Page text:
Juna is a young rebel who was once part of the ruling religious order. She pays for her betrayal with her own life. However, she’s not exactly dead. Juna wakes up millions of light-years away from Earth in a different part of the universe. As she comes to accept her disposition in a new, unknown and frightening place, Juna discovers she’s not alone. Her previous beliefs and convictions come under scrutiny as she faces off a mysterious life form: the Omkai.
In many senses of the word, this is an extension of the post-apocalyptic science fiction. The Seed of Juna is a tale from a dark and conflicted place so far away from home, the word itself means nothing. Alvaro Garcia’s 13-minute pilot has been released and can be played here as well on YouTube. Additionally, there will be eight 22-minute episodes continuing on from this, where more of the plot lines will become clear.
Director Alvaro Garcia says he was inspired by the mystery of existence. “With The Seed of Juna, I wanted to lay ground as vast as a universe in order to create a twisted reality that provokes the characters and to raise deep questions,” says Garcia, “such as, what are humans’ role in the universe and whether we are as special as we think.” Garcia says he didn’t want to answer theses specific questions with the story, but to have the audience think more deeply about the questions the story poses.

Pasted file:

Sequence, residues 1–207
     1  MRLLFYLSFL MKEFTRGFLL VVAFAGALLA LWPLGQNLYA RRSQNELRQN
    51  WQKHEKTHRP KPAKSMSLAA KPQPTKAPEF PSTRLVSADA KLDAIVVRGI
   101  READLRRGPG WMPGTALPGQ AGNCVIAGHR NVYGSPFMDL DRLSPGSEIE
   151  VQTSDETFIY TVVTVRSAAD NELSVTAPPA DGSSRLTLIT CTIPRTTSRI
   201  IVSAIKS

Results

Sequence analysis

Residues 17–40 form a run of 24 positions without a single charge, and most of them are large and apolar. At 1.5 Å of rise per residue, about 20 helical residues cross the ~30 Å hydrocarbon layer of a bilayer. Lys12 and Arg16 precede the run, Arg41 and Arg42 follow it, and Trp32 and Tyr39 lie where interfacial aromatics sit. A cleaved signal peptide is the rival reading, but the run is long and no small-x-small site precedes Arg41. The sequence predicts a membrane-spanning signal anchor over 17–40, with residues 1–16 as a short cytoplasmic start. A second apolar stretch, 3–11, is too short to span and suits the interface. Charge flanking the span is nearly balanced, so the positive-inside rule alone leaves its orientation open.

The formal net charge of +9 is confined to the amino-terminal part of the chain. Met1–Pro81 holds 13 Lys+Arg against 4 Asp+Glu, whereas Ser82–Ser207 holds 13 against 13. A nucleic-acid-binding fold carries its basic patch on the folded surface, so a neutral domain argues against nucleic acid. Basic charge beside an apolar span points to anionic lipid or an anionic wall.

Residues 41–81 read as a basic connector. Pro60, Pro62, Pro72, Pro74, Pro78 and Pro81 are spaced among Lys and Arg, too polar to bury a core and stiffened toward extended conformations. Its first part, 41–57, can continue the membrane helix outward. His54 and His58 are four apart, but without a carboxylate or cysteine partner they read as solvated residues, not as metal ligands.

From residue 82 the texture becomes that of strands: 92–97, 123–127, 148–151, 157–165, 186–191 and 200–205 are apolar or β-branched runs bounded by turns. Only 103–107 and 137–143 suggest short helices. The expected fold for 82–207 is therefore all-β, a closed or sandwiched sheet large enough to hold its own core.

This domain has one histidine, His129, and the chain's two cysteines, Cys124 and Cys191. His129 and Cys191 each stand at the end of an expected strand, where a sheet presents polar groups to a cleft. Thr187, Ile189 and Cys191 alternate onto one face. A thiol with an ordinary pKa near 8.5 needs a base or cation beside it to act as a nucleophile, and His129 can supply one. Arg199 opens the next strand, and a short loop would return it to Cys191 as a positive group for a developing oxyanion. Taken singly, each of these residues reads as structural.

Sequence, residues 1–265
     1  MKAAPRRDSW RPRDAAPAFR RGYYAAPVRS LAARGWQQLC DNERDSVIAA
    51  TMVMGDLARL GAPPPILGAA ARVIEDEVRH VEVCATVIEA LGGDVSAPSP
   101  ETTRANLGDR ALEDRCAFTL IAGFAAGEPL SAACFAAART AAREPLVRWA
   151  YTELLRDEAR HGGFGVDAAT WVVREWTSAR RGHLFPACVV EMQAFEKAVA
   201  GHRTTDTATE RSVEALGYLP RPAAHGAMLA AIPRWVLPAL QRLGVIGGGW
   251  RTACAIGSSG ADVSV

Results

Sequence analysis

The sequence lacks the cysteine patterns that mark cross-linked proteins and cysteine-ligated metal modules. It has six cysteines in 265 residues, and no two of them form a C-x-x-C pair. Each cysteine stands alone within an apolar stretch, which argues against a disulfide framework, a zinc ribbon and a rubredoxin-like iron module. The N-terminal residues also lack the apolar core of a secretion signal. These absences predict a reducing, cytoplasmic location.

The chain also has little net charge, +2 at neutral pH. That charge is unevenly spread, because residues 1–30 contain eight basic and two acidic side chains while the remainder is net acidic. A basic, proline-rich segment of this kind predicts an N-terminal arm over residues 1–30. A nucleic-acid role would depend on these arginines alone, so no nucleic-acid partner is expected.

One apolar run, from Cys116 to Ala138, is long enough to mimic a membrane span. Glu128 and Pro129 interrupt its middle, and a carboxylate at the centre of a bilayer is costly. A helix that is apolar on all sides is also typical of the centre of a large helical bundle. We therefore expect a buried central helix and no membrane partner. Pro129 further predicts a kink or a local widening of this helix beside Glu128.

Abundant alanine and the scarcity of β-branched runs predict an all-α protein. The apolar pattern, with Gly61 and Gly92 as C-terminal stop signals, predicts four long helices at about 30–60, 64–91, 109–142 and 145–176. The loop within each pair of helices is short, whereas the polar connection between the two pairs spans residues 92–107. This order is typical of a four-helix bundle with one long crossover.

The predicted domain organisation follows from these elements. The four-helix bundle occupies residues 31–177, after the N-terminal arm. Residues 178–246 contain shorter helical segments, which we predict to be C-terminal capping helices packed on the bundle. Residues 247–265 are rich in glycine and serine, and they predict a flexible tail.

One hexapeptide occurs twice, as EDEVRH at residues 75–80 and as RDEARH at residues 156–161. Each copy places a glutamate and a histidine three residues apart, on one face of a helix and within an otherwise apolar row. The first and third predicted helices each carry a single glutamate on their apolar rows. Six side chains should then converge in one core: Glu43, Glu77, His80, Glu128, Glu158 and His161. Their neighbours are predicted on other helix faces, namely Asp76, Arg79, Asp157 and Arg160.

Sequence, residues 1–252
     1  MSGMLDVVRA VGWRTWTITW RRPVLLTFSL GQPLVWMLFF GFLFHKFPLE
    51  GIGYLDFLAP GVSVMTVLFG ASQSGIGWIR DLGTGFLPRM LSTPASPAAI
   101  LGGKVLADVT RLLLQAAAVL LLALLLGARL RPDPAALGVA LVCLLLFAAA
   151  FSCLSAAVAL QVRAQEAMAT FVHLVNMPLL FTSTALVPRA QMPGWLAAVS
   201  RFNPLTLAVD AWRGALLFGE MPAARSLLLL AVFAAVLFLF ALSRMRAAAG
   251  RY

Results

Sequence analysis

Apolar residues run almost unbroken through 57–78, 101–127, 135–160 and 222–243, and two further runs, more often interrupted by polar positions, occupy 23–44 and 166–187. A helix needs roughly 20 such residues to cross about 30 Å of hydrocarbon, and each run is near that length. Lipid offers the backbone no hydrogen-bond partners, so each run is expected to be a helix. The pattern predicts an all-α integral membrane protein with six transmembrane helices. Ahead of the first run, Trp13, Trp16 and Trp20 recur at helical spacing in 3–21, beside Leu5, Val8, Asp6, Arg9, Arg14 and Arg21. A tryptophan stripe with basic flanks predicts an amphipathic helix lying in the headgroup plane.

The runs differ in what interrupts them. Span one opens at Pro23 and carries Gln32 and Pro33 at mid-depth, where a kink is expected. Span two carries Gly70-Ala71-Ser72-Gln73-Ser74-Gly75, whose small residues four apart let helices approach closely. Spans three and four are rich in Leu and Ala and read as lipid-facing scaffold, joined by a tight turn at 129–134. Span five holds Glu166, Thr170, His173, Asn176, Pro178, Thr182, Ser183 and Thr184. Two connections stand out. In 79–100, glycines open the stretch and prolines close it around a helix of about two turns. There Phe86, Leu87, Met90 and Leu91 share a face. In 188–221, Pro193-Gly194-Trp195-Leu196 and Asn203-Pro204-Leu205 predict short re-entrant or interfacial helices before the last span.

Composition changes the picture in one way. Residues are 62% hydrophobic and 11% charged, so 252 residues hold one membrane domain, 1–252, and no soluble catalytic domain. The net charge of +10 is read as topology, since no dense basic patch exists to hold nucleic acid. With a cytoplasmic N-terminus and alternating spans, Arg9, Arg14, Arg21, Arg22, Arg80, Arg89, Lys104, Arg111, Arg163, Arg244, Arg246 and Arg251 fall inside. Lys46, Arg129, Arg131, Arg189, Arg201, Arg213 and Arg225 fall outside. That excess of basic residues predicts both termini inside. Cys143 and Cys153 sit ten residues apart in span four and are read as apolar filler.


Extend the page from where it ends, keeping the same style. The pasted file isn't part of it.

Álvaro grew up in Madrid and developed a passion for animation and filmmaking from an early age. He started his career in 2010 as a 3D generalist. In 2014, Álvaro directed and produced a short film titled Sumer, which swept a number of selections and awards within the festival circuit, including an official selection at the Academy-qualifying Cleveland Film Festival. As a VFX artist, Álvaro worked with a number of top facilities, including MPC and ILM, where he developed visual effects for a number of box office successes, such as The Jungle Book, Ready Player One, Avengers, and Pacific Rim.
The production crew was lucky enough to have access to the ILM motion capture system. They used Vicon cameras in Blade and the resulting captures were re-targeted in Motion Builder. Then Garcia used HumanIK in Maya and the motion editor for the second re-target for the hero characters. Then they used some of the basic tools in Houdini to use that FBX motion in their crowd systems without having to do the simulation for each figure. The idea is to re-render the nine episodes in Unreal Engine 4 later on, but in this production they used Houdini and Arnold, especially for the crowds. “We are transforming entertaining platforms into something completely different,” says Alvaro.
Lately, Álvaro has been leading real-time solutions for DNEG and sharing his knowledge and passion for innovative technologies in filmmaking through a personal educational project during this pandemic. In his work, Álvaro uses the sci-fi genre to create stories, which take the audience on a visually and emotionally captivating journey exploring human relationships with themselves and others. When ray-tracing and RTX came to the market, these were the tools to use with Houdini on each of the major scenes. Alvaro Garcia says he also likes to animate faces, with Key-framing in his comfort zone.
Garcia had some great help from over 20 high-end professionals from the film, TV and game production industries in a virtual effort to develop the film over the last four years. “It is amazing what can be created when these incredibly talented and stubborn people get together,” Alvaro says.
Alvaro is excited by the combination of sci-fi and using full CG technology with MoCap. “Anybody with a bit of talent and persistence can construct an immersive visual story, without leaving their homes,” he adds.